X Programming at the Application Level

Toolkit libraries and GUI environments exist to save application writers from having to code at the level of BitBlt or Porter-Duff operators. They hide most rendering operations and most input-event handling behind an abstraction layer of widgets.

A widget is an X window object, possibly composed of a collection of subwidgets which are themselves X windows, Each widget or subwidget has its own event mask and event-handling logic. For example, a button is an X window that ignores keystroke events but captures mouse-button events. A text-entry field, on the other hand, may accept keystroke events but ignore mouse clicks. Some widgets, like toolkit-level window objects, can containers for collections of subwidgets.

GUI programs under X using a toolkit generally start by setting up a collection of widgets, then calling a toolkit-supplied driver function that implements an X event loop. The toolkit's (hidden) event loop takes care of dispatching input events to the appropriate widgets as they come in.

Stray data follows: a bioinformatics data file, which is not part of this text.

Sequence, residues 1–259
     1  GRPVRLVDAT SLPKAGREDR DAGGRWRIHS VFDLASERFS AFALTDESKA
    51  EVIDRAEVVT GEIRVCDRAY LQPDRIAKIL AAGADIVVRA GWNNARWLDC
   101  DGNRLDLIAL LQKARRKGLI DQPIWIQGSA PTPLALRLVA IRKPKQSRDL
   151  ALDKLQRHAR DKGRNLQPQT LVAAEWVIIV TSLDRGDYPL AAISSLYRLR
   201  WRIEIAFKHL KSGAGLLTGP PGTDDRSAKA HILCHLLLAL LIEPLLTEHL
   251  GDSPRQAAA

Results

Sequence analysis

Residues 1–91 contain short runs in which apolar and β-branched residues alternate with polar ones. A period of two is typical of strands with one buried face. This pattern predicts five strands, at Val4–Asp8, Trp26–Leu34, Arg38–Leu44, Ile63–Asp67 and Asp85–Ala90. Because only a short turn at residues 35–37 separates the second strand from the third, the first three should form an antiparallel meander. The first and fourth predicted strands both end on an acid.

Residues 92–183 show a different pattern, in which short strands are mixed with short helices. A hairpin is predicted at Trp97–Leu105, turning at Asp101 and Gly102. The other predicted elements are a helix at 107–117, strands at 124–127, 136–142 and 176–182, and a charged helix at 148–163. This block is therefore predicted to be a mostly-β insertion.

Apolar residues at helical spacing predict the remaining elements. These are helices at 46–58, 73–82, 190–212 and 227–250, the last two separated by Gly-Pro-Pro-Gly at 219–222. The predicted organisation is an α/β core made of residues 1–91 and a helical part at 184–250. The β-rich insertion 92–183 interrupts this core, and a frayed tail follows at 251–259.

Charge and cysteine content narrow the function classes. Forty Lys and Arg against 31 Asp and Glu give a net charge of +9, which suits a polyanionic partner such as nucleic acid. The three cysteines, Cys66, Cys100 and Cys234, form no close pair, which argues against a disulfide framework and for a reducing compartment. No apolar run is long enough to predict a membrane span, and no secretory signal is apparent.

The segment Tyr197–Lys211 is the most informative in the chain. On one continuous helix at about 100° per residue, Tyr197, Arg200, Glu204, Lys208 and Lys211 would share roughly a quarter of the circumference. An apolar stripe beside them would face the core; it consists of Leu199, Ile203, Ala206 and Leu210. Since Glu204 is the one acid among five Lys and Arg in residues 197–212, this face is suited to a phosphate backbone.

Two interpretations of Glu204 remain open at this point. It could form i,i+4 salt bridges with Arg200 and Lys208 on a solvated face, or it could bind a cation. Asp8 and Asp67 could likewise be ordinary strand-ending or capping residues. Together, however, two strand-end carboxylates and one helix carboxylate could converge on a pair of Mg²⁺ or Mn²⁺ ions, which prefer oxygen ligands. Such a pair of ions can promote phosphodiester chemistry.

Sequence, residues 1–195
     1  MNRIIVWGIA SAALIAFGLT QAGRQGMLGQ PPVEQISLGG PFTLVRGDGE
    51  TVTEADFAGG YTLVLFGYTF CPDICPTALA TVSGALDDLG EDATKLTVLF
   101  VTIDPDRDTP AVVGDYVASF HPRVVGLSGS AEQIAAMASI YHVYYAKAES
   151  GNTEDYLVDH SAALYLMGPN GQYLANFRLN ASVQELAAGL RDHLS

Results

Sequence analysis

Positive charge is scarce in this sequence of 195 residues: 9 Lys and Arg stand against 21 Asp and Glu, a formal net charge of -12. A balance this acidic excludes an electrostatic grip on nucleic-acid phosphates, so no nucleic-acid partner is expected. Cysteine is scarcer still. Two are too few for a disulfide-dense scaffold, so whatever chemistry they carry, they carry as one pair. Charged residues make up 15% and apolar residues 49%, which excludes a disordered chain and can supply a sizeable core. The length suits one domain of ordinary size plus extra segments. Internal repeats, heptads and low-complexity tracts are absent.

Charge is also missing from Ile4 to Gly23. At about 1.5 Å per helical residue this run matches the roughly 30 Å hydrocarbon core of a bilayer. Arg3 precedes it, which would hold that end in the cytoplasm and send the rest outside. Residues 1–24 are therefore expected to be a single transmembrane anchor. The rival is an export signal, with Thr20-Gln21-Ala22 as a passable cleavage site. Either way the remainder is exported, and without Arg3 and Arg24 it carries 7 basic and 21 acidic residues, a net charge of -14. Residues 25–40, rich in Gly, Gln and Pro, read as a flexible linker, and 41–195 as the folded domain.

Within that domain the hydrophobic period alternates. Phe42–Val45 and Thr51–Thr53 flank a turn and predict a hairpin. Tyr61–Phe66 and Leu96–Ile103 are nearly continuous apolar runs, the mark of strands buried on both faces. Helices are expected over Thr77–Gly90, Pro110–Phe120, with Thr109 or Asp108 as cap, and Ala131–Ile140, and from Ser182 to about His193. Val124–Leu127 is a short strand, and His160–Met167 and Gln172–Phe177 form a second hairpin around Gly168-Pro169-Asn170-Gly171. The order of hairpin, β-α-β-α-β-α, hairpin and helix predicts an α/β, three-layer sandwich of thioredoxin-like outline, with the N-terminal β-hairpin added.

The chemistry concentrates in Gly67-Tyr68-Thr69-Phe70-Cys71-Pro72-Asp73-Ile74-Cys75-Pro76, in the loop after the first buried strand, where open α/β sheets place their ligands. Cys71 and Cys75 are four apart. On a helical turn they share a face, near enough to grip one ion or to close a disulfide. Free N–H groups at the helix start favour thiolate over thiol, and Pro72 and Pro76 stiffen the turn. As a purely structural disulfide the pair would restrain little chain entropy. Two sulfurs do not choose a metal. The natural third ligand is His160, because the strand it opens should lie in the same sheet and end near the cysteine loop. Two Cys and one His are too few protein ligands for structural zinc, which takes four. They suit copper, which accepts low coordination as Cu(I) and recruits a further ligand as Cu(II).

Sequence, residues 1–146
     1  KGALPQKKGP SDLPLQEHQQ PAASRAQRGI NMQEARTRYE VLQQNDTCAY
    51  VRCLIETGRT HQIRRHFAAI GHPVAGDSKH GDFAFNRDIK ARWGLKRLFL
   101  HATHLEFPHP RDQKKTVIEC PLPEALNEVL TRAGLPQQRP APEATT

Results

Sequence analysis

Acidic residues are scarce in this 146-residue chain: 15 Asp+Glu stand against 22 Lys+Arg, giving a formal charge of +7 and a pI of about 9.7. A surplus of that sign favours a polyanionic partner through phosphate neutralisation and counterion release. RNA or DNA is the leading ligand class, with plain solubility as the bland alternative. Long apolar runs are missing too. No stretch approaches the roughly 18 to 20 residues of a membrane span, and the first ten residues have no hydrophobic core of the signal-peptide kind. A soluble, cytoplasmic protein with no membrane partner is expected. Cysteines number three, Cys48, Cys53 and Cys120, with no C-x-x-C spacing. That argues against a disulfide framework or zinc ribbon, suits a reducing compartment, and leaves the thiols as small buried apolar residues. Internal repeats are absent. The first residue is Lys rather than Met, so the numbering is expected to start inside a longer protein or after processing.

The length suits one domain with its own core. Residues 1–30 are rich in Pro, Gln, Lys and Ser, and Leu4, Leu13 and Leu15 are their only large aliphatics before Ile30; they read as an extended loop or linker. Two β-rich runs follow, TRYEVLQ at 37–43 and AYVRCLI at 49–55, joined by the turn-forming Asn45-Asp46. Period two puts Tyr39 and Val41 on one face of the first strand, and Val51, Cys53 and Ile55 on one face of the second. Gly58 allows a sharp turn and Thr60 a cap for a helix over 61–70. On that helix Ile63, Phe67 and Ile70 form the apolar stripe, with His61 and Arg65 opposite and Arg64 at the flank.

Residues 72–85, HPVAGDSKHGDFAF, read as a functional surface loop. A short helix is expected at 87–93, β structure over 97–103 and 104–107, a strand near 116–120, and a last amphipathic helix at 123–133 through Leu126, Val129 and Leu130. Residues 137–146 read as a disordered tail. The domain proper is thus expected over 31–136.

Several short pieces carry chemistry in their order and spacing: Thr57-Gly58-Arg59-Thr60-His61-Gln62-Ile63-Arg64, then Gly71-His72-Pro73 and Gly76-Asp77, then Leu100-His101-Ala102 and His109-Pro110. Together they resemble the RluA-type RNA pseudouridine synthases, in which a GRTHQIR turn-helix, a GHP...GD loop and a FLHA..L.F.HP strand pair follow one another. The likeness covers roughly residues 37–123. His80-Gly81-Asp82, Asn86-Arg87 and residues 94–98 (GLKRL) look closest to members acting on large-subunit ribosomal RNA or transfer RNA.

Widgets trigger actions in the program's application logic via callbacks. A callback is a function pointer that a widget will call (possibly supplying some arguments) on some particular event. For example, any button widget will have a place to plug in a callback for whenever the button is clicked.

Programming with this event-loop/callback combination leads to a very different style and organization of code than with CLIs. interfaces. When writing code with a CLI, the main loop is under the programmer's control and directly expresses the expected sequence of operations in the application. Programming is almost entirely imperative, with explicit code expressing what should be done when. This style does not cope naturally with multiplexing several input sources, nor with events coming in in odd sequences at unpredictable times; in fact, these have to be modeled interrupts and processed by callbacks outside the normal flow of program control.

In the event-loop/callback world of GUIs, the main flow of control is implicit (dedicated entirely to waiting on and dispatching the next input event, and everything at application level is a callback processed rather like an interrupt in “normal” program flow. Much of programming is declarative (hooking application functions into the callback slots of widgets) rather than imperative.

Programming in the event-loop/callback world by hand is trickier than CLI programming by hand, but the stereotyped nature of the main event loop and the encapsulation of most input handling in widgets also means that code generators can be proportionately much more helpful. In the next section, we'll survey some tools for easing the GUI coding burden.